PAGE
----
important political actions were being held that day) demonstrated on both
sides of the checkpoint, and this received extensive international
coverage...everywhere except Israel.
was intense and exhausting, and we all came away from it with a chronic
cough brought on by hours of marching in cold, sometimes rainy, weather and
coming back to inadequately heated rooms, tepid showers, and never enough
But we all came away with something more: 150 smart and committed women
from all over the globe now know more about the Middle East conflict than
all the politicians who sit in plush offices around the world. They have
seen the occupation with their own eyes, and no one can tell them that it
has anything to do with security for Israel.
The women met an old man in Palestine, 107 years old, he said, whose
grandson was killed in the conflict. "You will leave and I will remain, and
nothing will change," he told the women. I don't think there was a single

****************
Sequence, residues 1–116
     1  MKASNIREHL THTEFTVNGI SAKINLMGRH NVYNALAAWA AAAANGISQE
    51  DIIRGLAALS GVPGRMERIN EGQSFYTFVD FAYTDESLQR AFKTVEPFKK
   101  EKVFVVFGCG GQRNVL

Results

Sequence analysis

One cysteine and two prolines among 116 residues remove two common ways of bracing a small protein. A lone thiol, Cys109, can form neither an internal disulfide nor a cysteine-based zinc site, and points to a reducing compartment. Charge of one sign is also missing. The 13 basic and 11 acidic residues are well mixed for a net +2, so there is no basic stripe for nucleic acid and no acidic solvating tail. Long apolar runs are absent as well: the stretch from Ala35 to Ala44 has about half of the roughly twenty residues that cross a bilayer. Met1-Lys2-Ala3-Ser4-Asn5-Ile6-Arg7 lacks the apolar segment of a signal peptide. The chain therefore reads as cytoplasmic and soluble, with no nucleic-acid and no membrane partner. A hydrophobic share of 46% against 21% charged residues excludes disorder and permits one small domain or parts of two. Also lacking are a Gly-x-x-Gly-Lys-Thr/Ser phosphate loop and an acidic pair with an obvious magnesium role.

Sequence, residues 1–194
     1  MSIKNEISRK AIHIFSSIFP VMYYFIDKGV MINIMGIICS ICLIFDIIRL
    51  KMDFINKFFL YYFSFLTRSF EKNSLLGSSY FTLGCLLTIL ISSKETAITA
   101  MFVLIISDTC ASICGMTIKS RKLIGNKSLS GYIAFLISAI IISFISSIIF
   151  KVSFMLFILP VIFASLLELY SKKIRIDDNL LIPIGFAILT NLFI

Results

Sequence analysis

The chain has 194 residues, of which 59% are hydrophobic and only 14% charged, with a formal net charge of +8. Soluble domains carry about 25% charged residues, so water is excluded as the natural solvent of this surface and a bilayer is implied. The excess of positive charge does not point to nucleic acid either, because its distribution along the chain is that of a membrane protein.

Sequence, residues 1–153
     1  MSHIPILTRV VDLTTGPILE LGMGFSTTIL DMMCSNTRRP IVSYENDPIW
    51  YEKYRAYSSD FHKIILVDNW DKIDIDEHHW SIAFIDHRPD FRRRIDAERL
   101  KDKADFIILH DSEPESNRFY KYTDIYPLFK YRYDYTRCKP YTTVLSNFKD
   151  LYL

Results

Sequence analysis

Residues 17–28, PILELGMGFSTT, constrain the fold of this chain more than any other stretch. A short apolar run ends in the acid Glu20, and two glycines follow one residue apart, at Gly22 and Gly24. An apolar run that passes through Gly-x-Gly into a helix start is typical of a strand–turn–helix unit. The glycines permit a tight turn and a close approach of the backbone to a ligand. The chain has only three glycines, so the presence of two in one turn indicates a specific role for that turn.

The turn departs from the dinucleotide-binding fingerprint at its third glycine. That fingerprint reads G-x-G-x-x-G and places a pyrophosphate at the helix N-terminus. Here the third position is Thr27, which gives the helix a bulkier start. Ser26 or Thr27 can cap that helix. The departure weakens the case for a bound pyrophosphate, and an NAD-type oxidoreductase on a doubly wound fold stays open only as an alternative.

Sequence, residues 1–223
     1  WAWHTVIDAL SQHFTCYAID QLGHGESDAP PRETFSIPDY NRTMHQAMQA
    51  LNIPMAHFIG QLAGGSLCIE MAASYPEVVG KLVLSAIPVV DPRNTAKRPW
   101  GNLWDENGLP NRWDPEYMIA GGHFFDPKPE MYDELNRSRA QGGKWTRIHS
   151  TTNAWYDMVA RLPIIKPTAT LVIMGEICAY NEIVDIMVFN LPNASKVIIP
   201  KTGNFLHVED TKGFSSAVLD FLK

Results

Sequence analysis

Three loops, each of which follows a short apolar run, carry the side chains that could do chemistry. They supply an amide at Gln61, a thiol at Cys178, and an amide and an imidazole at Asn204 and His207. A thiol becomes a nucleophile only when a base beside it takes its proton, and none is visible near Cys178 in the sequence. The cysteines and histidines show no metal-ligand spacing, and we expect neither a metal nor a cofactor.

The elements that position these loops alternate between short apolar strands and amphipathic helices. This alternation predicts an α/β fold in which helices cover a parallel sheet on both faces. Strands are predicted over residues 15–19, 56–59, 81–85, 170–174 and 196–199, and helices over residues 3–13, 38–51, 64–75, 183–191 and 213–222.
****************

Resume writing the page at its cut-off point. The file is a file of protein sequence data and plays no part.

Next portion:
woman in the group who did not resolve to prevent this bitter statement from
On behalf of the March Organizing Committee of the Coalition of Women for
Peace -- the Israeli side of this march -- we are grateful to all those who
invested their time, money, and energy and braved a trip to our troubled
part of the world in order to share our struggle to reach a just peace
between our peoples. We remain your committed partners in activism.
Shalom, peace with justice, from Israel,
Omaima abu-Ras, Nicole Cohen-Addad, Rachel Amram, Yvonne Deutsch, Pnina
Firestone, Yana Knopova, Gili Pliskin, Michal Pundak, Taghrid Shbeita,
Aliyah Strauss, Gila Svirsky, and Alix Weizmann.
is an Israeli peace activist living in Jerusalem. She is a founding member
Coalition of Women for a Just Peace, a grouping of eight Israeli and
Palestinian women's peace organisations.
Other Articles by Gila Svirsky
With Eyes Wide Open
Off With Their Heads!
"Realistic Religious Zionism"
A Macabre Alliance
A Busy Couple of Days for the Bulldozers
The Great Wall of Denial